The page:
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-Newspaper article from The Metrowest Daily News
-Article from The Boston College Chronicle
-Newspaper article from The Weston Town Crier
-My Grant Proposal
-Katya's Health Education Project Report (5 Part)
-Picture slideshow from my Summer 2008 Uganda trip
-Video picture slideshow with traditional Ugandan music
Wednesday, February 29, 2012
Monday, September 14, 2009
On August 9th, I traveled across the
In the weeks leading up to the trip, I spent many hours searching the internet for material to use for the disease prevention educational program. I found an endless amount of websites on germs, hand washing, and first aid. I compiled the most important information into a report and found activities that correlated to each subject. This included coloring sheets for the younger children and word searches and word scrambles for the older kids. I found songs addressing hand washing, which I used to write my own. Sung to the tune of Row, Row, Row Your Boat, the words to the song I wrote are:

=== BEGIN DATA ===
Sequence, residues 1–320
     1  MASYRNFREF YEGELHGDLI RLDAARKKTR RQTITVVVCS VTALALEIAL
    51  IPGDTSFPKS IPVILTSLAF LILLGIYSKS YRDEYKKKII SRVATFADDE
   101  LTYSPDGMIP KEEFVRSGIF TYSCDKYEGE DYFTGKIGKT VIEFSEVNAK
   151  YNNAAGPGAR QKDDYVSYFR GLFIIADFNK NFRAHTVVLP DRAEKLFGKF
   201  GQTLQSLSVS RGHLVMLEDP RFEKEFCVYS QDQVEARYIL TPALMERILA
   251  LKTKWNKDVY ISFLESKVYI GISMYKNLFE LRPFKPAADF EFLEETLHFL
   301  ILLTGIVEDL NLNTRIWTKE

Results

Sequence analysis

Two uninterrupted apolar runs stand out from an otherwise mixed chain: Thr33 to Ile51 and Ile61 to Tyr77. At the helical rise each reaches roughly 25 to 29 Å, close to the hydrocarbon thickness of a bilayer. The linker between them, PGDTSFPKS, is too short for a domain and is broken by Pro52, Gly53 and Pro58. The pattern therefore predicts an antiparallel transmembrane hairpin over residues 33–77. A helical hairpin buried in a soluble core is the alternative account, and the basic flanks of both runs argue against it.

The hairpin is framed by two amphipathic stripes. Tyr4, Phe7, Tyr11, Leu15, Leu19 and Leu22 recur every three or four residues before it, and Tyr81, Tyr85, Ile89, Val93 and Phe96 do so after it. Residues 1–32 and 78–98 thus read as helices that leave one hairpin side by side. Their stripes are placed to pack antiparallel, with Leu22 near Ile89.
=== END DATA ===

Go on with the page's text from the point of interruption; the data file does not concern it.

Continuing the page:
During this time, I was also collecting basic first aid and medical supplies. With the help of family and friends, I put together 75 small first aid kits that consisted of adhesive bandages, gauze for cleaning wounds, alcohol wipes, and non-latex gloves. In addition to these, I also created five large first aid kits, one for each headmaster or headmistress at the five primary schools supported by the Kasiisi Project. These first aid kits included all of the same supplies as the small ones, but in much larger quantities. They also had gauze rolls and pads for covering wounds, medical tape, scissors, ace bandages, and antibacterial cream. People also donated hand sanitizer and bars of soap, which were to be donated to each school. Many of the donations I received were from the community, who became aware of my project after an article was printed in the local newspaper. All together, the supplies filled three large duffle bags and weighed close to 175 pounds.
After weeks of preparation, I had finally arrived in